Senate Minority Leader Jolie Justus, who helped pass the criminal code overhaul, described it as a “standout” year in which “some amazing things” were accomplished. But she expressed frustration with passage of the tax cut and abortion bills.

Missouri’s 24-hour abortion waiting period would be lengthened to 72 hours – matched only by Utah and South Dakota – under a bill pending before Nixon, which he has denounced as an “extreme proposal.”
In the final hour of their session Friday, lawmakers approved sales tax breaks for fitness centers and several specific industries, including electric utilities and computer data centers. Business groups had unsuccessfully pursued the data center tax breaks for years while arguing that Missouri was losing the battle for new high-tech businesses to neighbors such as Arkansas, Kansas and Oklahoma.

“This is a big deal. This is a true business economic develop bill here,” said Rep. Myron Neth, R-Liberty.

Below from ST LOUIS PUBLIC RADIO... Link also contains comments and this copy:

General Assembly Approves Bill Expanding Gun Rights, Lowers Concealed-Carry Age

Just hours before adjournment, the Missouri General Assembly has approved a bill that lowers the state’s legal age for carrying concealed weapons to 19 and allows the open carrying of firearms by any person with a valid concealed-carry permit.

Credit (via Flickr/ M Glasgow)
The bill also allows schools to designate teachers or administrators as "school protection officers" who can carry a concealed firearm or self-defense spray device. But school districts authorizing the armed officers are required to hold a public hearing on the matter.

The measure was among various pieces of legislation that backers were trying to push through on the final day of the session, particularly since higher-profile matters – such as the tax-cut and the school transfer bill – had been completed.

Among other things, the gun bill also prohibits health care professionals “from documenting or disclosing information regarding a person's status as a firearm owner except under certain specified circumstances.”
The bill would bar municipalities  or other jurisdictions from banning the open carrying of firearms by people who have concealed-carry permits.

The Missouri House passed the bill on Friday by a veto-proof margin, 111-28. The Senate had approved the bill on Thursday by a vote of 21-7, which is not veto-proof.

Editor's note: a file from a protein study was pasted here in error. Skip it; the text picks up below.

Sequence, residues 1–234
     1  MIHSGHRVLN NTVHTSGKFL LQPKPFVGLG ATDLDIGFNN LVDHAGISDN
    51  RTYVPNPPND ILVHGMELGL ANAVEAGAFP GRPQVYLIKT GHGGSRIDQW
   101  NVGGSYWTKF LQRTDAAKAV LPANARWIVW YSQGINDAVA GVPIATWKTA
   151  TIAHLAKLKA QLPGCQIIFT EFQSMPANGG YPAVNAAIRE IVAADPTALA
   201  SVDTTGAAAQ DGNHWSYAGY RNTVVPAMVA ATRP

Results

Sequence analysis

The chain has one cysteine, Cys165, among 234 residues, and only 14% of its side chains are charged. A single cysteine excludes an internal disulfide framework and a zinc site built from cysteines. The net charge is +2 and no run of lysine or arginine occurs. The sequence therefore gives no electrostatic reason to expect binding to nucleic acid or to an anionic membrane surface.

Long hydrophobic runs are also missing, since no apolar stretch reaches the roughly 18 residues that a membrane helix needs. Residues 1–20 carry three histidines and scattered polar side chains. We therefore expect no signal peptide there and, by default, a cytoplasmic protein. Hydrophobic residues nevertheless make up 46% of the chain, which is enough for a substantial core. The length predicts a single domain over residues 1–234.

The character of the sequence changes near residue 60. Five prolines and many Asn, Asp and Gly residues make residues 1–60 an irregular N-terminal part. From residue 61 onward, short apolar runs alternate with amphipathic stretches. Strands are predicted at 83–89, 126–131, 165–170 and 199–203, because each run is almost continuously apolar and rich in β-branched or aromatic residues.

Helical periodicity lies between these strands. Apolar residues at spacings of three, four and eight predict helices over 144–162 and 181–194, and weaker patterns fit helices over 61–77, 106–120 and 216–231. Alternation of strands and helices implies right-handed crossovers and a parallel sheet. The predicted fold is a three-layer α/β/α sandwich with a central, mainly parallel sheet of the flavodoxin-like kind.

The current minimum age to carry a concealed weapon in Missouri is 21.

The measure would bar people from carrying a gun along with illegal drugs, but makes an exception for "35 grams or less of marijuana or synthetic cannabinoids. "

The Missouri chapter of Moms Demand Action called for Gov. Jay Nixon to veto the bill.

"Reasonable people have differing opinions when it comes to guns— but I think all Missourians can agree that as parents, we have the right to know if there is going to be a gun in our kid’s classrooms,” said the group's spokeswoman, Melissa Brooks. “Missouri moms are deeply disappointed in the legislature’s passage of this dangerous bill, and we urge Governor Nixon to stand with parents across the state by vetoing it.”
Passage of some sort of pro-gun bill had been sought by gun-rights advocates, particularly since other related measures – such as the bill nullifying most federal laws – have died this session.

BALLOT QUESTION:  Voters to be asked to expand privacy protections to electronic data

The House also added another issue to this fall’s ballot by its approval of a proposed constitutional amendment that seeks to protect the privacy of electronic communications.

The chief sponsor -- Rep. Paul Curtman, R-Pacific – said the amendment is needed to guard the public’s privacy.  Rep. Jeff Roorda, D-Barnhart, questioned whether the proposal would block law enforcement from monitoring terrorists’ cell phone calls or allow people to claim that their Facebook posts were private. Roorda ended up voting “present.”

The Senate already has approved the amendment proposal, so it will go directly onto the ballot. No action by the governor is required.

It is to read as follows:
"Shall the Missouri Constitution be amended so that the people shall be secure in their electronic communications and data from unreasonable searches and seizures as they are now likewise secure in their persons, homes, papers and effects?"